(ii) Polymerase chain Reaction(PCR): 10X PCR buffer 2.5 μl, dNTP 100 mM 2.5 μl, DNA 1 μl, Forward primer 2.5 μl, reverse primer 2.5 μl, Taq polymerase 5 U/ml 2 μl, milli Q water 12 μl were taken in a PCR tube. PCR was carried out in a Bioneer thermal cycler in the following steps:

Initial denaturation for about 5 min at 94oC

Each cycle had 2nd denaturation at 94oC for 1 minute.

Annealing at 57oC for 1 min

Extension at 72oC for 1 min

Thirty five cycles were performed and a final extension was done for 7 min at 72oC. Samples were cooled to 4oC. Primer sequences6 used were:



(iii) Electrophoresis and Gel Documentation: After the reaction, 10μl of amplified products were electrophoresed on 2% agarose gel containing 0.5 μg/ml of ethidium bromide for 30 min at 80V in TBE buffer (0.089 M Tris –HCl, 0.089 M boric acid, 0.002 M EDTA (PH 8.4). The product size (340bp) was verified by comparison with hinf 1 digested pBR – 322 molecular size marker. Agarose gel was viewed in a UV transilluminator and also in UV gel documentation unit and photographed.


Prevalence of vaginal candidiasis was 36%. A total of 72 Candida isolates were obtained from 200 symptomatic sexually active women. The results have been shown in [Table/Fig–1,2,3,4,56and7].

Age wise distribution of Vaginal Candidiasis

Age Group (years)No. of Cases StudiedNo. of Cases PositivePercentage
< 201011.38%
21 – 30742027.7 %
31 – 40864359.7 %
> 4030811.1%

Vaginal Candidiasis and Genital Hygiene

Genital HygieneNo. of Cases StudiedNo. of Positive CasesPercentagep–value
Satisfactory1535032.67%p<0.01 significant

Vaginal Candidiasis and use of Tight fitting synthetic / Nylon Underclothings

Tight fitting synthetic/Nylon UnderclothingsNo. of Cases StudiedNo. of Positive CasesPercentagep–value
User583051.75 %p<0.01 significant
Non- User1424229.57 %

Comparison of different methods for speciation of Candida isolates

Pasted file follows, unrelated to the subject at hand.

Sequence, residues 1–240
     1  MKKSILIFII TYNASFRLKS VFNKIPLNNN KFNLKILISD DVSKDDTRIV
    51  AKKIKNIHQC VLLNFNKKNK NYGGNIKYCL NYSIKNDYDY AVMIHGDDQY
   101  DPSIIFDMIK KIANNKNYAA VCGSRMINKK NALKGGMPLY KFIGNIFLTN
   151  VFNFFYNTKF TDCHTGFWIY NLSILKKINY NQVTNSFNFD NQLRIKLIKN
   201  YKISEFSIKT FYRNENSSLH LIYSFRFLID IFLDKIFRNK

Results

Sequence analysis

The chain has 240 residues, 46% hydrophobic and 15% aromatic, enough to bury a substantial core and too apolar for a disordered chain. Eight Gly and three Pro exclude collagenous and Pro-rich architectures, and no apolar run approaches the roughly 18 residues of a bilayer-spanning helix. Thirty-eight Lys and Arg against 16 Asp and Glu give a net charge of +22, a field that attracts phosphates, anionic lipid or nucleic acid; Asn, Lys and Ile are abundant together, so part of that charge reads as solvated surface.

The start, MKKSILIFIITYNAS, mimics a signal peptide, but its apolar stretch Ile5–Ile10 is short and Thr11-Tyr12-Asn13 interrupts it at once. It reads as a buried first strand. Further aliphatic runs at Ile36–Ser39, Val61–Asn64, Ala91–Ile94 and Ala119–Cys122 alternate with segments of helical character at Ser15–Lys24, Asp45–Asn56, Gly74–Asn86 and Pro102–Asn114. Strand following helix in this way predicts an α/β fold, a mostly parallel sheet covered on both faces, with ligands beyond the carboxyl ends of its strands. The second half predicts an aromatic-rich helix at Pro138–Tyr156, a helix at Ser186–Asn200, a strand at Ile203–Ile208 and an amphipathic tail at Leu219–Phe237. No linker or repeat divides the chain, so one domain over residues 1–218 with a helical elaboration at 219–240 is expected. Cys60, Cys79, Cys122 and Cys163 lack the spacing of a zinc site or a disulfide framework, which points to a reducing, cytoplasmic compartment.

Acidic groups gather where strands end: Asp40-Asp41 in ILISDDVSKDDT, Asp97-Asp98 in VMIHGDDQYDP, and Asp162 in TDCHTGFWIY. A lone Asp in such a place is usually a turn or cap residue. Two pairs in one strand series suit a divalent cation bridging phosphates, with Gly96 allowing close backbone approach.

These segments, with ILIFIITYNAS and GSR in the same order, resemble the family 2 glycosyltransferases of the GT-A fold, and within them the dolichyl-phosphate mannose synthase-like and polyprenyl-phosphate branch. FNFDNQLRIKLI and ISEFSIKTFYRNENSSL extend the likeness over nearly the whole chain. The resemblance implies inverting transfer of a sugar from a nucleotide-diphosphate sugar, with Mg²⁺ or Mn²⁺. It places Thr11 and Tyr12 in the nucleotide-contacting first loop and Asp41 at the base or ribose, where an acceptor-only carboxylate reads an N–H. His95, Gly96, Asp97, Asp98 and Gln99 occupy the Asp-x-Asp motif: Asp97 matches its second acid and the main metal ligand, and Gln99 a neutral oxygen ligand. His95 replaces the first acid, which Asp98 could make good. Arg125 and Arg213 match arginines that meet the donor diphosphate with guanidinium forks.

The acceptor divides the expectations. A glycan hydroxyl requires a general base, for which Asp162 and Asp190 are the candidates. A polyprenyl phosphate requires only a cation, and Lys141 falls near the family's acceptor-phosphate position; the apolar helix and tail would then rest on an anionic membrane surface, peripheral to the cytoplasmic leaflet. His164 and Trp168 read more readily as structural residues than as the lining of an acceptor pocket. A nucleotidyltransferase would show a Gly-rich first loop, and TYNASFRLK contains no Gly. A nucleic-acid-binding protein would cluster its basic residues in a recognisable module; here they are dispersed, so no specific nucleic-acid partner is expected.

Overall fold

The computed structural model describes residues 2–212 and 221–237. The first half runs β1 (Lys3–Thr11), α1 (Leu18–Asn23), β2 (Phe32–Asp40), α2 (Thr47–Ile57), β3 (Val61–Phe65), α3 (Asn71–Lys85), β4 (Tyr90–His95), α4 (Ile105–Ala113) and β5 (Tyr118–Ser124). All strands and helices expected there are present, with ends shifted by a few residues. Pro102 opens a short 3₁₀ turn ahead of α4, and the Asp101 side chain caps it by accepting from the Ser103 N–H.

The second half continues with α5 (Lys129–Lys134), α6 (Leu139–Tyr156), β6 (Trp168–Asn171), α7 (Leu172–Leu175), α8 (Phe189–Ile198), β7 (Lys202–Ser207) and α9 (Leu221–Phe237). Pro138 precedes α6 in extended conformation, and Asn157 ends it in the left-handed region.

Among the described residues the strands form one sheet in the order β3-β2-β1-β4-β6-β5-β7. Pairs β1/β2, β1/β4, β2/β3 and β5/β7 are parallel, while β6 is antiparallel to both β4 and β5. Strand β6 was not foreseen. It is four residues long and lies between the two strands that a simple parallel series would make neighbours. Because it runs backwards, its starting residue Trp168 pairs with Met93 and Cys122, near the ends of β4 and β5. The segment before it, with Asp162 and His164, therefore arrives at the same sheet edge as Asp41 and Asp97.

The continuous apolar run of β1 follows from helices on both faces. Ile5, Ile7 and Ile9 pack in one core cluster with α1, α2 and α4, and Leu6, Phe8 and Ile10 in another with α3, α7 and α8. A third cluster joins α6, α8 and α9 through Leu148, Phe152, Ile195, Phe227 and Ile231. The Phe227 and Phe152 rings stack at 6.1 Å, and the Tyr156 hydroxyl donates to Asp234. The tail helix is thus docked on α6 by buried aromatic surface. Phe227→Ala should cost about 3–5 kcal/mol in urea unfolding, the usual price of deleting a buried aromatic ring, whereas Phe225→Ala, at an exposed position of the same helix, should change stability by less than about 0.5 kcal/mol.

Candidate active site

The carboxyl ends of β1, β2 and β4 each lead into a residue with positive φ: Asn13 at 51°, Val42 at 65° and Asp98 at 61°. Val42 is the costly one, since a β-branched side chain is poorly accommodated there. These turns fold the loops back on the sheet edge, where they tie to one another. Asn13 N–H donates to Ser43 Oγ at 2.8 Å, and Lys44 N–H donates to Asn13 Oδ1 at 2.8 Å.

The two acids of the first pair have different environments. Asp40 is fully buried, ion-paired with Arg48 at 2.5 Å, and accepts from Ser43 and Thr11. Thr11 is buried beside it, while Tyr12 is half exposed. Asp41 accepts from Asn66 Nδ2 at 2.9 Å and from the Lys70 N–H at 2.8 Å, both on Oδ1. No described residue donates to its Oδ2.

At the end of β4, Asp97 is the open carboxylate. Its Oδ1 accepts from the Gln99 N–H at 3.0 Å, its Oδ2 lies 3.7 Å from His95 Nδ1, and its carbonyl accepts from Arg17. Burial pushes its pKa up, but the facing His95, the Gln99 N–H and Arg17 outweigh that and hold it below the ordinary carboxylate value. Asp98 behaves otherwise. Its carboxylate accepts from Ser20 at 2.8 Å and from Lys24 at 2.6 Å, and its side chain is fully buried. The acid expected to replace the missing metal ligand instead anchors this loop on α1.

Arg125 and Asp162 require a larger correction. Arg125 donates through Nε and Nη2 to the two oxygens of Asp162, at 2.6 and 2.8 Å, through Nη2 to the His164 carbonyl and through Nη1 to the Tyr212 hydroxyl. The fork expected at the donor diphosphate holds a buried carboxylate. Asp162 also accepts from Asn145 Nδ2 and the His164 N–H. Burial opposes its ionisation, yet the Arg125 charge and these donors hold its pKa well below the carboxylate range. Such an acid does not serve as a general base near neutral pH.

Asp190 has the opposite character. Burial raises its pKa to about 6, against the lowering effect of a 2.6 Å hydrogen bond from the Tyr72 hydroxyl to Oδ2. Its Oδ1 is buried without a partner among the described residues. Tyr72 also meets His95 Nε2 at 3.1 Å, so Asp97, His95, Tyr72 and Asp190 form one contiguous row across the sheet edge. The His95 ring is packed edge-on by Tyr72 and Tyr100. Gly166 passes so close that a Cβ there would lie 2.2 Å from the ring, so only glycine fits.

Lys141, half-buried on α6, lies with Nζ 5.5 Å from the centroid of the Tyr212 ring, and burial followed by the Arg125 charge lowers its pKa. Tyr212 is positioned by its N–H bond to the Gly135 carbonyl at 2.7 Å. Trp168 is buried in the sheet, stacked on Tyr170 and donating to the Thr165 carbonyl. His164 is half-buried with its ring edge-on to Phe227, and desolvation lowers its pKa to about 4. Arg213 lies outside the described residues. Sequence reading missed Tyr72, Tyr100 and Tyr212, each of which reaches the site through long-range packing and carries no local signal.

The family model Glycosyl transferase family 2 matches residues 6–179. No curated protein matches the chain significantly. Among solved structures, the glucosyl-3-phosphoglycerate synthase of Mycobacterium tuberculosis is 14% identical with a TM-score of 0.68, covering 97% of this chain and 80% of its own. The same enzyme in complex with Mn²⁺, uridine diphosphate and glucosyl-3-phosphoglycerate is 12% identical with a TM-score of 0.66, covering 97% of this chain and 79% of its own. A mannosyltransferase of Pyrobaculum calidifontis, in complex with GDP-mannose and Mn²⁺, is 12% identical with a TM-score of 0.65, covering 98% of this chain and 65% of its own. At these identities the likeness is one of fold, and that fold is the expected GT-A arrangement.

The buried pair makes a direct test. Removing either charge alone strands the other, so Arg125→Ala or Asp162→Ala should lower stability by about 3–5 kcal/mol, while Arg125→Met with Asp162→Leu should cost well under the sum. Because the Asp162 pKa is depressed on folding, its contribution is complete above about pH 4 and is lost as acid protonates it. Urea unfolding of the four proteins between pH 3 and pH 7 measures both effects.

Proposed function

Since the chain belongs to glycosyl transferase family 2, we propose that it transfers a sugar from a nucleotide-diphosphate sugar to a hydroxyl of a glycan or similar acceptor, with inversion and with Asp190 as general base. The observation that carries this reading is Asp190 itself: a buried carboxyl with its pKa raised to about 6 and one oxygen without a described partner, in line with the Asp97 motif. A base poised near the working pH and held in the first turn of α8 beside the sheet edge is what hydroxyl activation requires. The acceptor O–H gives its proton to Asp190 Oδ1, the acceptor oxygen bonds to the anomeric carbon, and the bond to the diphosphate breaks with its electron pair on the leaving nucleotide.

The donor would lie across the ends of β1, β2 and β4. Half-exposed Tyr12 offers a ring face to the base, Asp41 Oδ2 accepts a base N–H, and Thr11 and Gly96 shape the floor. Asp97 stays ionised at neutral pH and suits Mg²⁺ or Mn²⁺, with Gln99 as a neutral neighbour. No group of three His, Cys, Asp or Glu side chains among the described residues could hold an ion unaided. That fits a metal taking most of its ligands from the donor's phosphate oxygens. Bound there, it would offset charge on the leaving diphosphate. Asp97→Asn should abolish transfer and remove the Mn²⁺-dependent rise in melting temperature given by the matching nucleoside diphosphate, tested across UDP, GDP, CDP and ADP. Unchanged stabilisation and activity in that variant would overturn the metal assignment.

SpeciesCarbohydrate Assimilation testCHROMagar Candida
C. albicans3535
C. glabrata2121
C. tropicalis88
C. krusei44
C. kefyr2-
C. parapsilosis2-

Antifungal Susceptibility Pattern of 72 Candida isolates

No. of IsolatesFluconazole (%)Itraconazole (%)5-Flucytosine (%)p–value
Sensitive58 (80.55%)55 (76.38%)42 (58.33%)p<0.01 significant
Resistant14 (19.44%)17 (23.61%)30 (41.66%)

Antifungal Susceptibility Pattern of Candida Species

Electrophoresis of the amplified product of FUR 1 gene from Candida isolates

FUR 1 gene was detected in all 5FC resistant isolates.i.e. in 16 C. albicans, 8 C. glabrata, 4 C.krusei and 2 C. tropicalis isolates.


Vaginal Candidiasis is a disease of those who are in childbearing ages. The diagnosis of vulvovaginal candidiasis, based solely on signs or symptoms, leads to overestimation of the prevalence of vulvovaginal candidiasis and its overtreatment, while leaving the actual cause of the vaginal symptoms untreated. Hence, for correct diagnosis of vulvovaginal candidiasis, laboratory confirmation of vaginal infection with Candida is necessary. In this study, prevalence of vaginal candidiasis was highest in the age group of 31-40 years (50%), which correlated well with findings of Sobel (50%), Azzam et al., (38.4%) [11] and Jindal et al., (32.03%) [12]. Study subjects in the age group 21-30 years showed second highest prevalence (27.7%). Higher prevalence in these age groups could be because of the influence of sexual activity which peaks during this age [12].